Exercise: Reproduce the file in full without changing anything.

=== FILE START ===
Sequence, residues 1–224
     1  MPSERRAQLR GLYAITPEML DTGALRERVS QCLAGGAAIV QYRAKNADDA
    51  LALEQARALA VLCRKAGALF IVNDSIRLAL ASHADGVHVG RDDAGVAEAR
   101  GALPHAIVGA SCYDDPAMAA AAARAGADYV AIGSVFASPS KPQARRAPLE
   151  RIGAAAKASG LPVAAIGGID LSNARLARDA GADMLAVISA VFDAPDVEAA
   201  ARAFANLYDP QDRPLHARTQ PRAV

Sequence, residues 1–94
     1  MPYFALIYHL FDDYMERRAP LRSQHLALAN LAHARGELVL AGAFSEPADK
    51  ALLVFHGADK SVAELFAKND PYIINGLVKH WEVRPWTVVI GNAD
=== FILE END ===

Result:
Sequence, residues 1–224
     1  MPSERRAQLR GLYAITPEML DTGALRERVS QCLAGGAAIV QYRAKNADDA
    51  LALEQARALA VLCRKAGALF IVNDSIRLAL ASHADGVHVG RDDAGVAEAR
   101  GALPHAIVGA SCYDDPAMAA AAARAGADYV AIGSVFASPS KPQARRAPLE
   151  RIGAAAKASG LPVAAIGGID LSNARLARDA GADMLAVISA VFDAPDVEAA
   201  ARAFANLYDP QDRPLHARTQ PRAV

Sequence, residues 1–94
     1  MPYFALIYHL FDDYMERRAP LRSQHLALAN LAHARGELVL AGAFSEPADK
    51  ALLVFHGADK SVAELFAKND PYIINGLVKH WEVRPWTVVI GNAD